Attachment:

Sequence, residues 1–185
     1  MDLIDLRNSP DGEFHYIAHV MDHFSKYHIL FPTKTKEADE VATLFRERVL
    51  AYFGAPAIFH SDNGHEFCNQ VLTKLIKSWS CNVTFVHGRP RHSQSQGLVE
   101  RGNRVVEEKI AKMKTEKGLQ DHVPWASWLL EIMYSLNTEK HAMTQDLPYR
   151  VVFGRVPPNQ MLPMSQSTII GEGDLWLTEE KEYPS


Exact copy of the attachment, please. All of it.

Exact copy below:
Sequence, residues 1–185
     1  MDLIDLRNSP DGEFHYIAHV MDHFSKYHIL FPTKTKEADE VATLFRERVL
    51  AYFGAPAIFH SDNGHEFCNQ VLTKLIKSWS CNVTFVHGRP RHSQSQGLVE
   101  RGNRVVEEKI AKMKTEKGLQ DHVPWASWLL EIMYSLNTEK HAMTQDLPYR
   151  VVFGRVPPNQ MLPMSQSTII GEGDLWLTEE KEYPS